This is where reviews by experts come in. The table below provides a synthesis of the camera assessments of some of the best known photo-gear review sites (amateurphotographer [AP], cameralabs [CL], dpreview [DPR], ephotozine [EPZ], photographyblog [PB]). As can be seen, the professional reviewers agree in many cases on the quality of different cameras, but sometimes their assessments diverge, reinforcing the earlier point that a camera decision is often a very personal choice.
|1.||Panasonic G2||..||..||72/100||4/5||4.5/5||Mar 2010||599|
|2.||Panasonic GX1||3/5||+||77/100||4.5/5||4.5/5||Nov 2011||699|
|3.||Olympus E-450||..||..||..||4/5||4/5||Mar 2009||499|
|4.||Panasonic GM5||3.5/5||+||77/100||5/5||4.5/5||Sep 2014||749|
|5.||Panasonic G6||4/5||+ +||..||5/5||4.5/5||Apr 2013||599|
|6.||Panasonic GX7||4/5||+||79/100||5/5||5/5||Aug 2013||999|
|7.||Panasonic G3||3/5||+ +||75/100||4.5/5||5/5||May 2011||599|
|8.||Panasonic GF3||3/5||82/100||71/100||4.5/5||4/5||Jun 2011||549|
|9.||Panasonic G10||3/5||..||70/100||4/5||4/5||Mar 2010||499|
|10.||Panasonic GF2||3/5||82/100||70/100||4.5/5||4.5/5||Nov 2010||549|
|11.||Panasonic GH2||5/5||+ +||79/100||4.5/5||5/5||Sep 2010||899|
|12.||Panasonic GF1||..||85/100||69/100||4.5/5||4.5/5||Sep 2009||749|
|13.||Panasonic GH1||..||+ +||72/100||4.5/5||4.5/5||Mar 2009||899|
|14.||Panasonic G1||..||+ +||70/100||4/5||4.5/5||Sep 2008||599|
|Notes: (+ +) highly recommended; (+) recommended; (o) reviewed; (..) not available.|
Care should be taken when interpreting the review scores above, though. The ratings were established in reference to similarly priced cameras that were available in the market at the time of the review. Hence, a score should always be seen in the context of the camera's market launch date and its price, and comparing ratings of very distinct cameras or ones that are far apart in terms of their release date have little meaning. Also, kindly note that some of the listed sites have over time developped their review approaches and their reporting style.
Other camera comparisons
Did this review help to inform your camera decision process? In case you are interested in seeing how other cameras pair up, just make your choice using the following search menu. As an alternative, you can also directly jump to any one of the listed comparisons that were previously generated by the CAM-parator tool.
Specifications: Panasonic G2 vs Panasonic GX1
Below is a side-by-side comparison of the specs of the two cameras to facilitate a quick review of their differences and common features.
|Camera Model||Panasonic G2||Panasonic GX1|
|Camera Type||Mirrorless system camera||Mirrorless system camera|
|Camera Lens||Micro Four Thirds lenses||Micro Four Thirds lenses|
|Launch Date||March 2010||November 2011|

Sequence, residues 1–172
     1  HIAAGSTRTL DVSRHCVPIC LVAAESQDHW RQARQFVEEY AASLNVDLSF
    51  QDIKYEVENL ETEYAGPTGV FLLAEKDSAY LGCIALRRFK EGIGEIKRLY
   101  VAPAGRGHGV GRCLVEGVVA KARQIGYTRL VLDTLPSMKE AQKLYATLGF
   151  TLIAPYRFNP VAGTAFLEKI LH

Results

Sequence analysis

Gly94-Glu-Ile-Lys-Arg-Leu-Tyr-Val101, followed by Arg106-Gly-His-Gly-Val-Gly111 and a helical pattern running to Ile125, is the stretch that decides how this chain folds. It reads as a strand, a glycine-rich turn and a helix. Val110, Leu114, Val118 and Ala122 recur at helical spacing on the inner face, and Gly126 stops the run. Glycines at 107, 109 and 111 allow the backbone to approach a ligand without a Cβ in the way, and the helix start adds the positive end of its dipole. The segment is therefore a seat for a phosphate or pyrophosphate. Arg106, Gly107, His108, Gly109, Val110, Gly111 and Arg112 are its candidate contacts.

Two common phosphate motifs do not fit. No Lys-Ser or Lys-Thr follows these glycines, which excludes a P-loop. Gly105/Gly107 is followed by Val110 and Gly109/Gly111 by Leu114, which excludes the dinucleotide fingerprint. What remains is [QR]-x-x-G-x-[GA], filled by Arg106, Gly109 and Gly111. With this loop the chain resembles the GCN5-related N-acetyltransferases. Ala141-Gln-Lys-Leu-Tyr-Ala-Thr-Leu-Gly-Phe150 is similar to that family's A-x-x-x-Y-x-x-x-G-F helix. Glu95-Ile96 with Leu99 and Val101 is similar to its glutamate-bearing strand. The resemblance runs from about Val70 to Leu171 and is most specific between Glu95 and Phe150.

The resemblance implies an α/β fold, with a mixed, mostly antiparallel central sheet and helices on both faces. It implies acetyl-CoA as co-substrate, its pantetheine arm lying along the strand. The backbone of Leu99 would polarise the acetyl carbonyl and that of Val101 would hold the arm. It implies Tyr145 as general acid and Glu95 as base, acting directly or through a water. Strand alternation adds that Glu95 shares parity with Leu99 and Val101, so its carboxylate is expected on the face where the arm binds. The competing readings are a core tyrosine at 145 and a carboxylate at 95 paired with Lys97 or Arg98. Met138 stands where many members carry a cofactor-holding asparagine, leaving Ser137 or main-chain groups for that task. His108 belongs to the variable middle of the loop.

|Launch Price||USD 599||USD 699|
|Sensor Specs||Panasonic G2||Panasonic GX1|
|Sensor Format||Four Thirds Sensor||Four Thirds Sensor|
|Sensor Size||17.3 x 13.0 mm||17.3 x 13.0 mm|
|Sensor Area||224.9 mm2||224.9 mm2|
|Sensor Diagonal||21.6 mm||21.6 mm|
|Sensor Resolution||12 Megapixels||15.8 Megapixels|
|Image Resolution||4000 x 3000 pixels||4592 x 3448 pixels|
|Pixel Pitch||4.33 μm||3.77 μm|
|Pixel Density||5.34 MP/cm2||7.04 MP/cm2|
|Moiré control||Anti-Alias filter||Anti-Alias filter|
|Movie Capability||720/30p Video||1080/60p Video|
|ISO Setting||100 - 6,400 ISO||160 - 12,800 ISO|
|Image Processor||Venus HD II||Venus FHD|
|DXO Sensor Quality (score)||53||55|
|DXO Color Depth (bits)||21.2||20.8|
|DXO Dynamic Range (EV)||10.3||10.6|
|DXO Low Light (ISO)||493||703|
|Screen Specs||Panasonic G2||Panasonic GX1|
|Viewfinder Type||Electronic viewfinder||Viewfinder optional|
|Viewfinder Field of View||100%|
|Viewfinder Resolution||1440k dots|
|LCD Framing||Live View||Live View|
|Rear LCD Size||3.0inch||3.0inch|
|LCD Resolution||460k dots||460k dots|
|LCD Attachment||Swivel screen||Fixed screen|
|Shooting Specs||Panasonic G2||Panasonic GX1|
|Focus System||Contrast-detect AF||Contrast-detect AF|
|Manual Focusing Aid||no Peaking Feature||Focus Peaking|
|Max Shutter Speed (mechanical)||1/4000s||1/4000s|
|Continuous Shooting||2.6 shutter flaps/s||4.2 shutter flaps/s|
|Fill Flash||Built-in Flash||Built-in Flash|
|Storage Medium||SDXC cards||SDXC cards|
|Second Storage Option||Single card slot||Single card slot|
|UHS card support||no||UHS-I|
|Connectivity Specs||Panasonic G2||Panasonic GX1|
|USB Connector||USB 2.0||USB 2.0|
|HDMI Port||mini HDMI||mini HDMI|
|Wifi Support||no Wifi||no Wifi|
|Body Specs||Panasonic G2||Panasonic GX1|
|Battery Life (CIPA)||360 shots per charge||320 shots per charge|
124 x 84 x 74 mm
(4.9 x 3.3 x 2.9 in)
116 x 68 x 39 mm
(4.6 x 2.7 x 1.5 in)
|Camera Weight||428 g (15.1 oz)||318 g (11.2 oz)|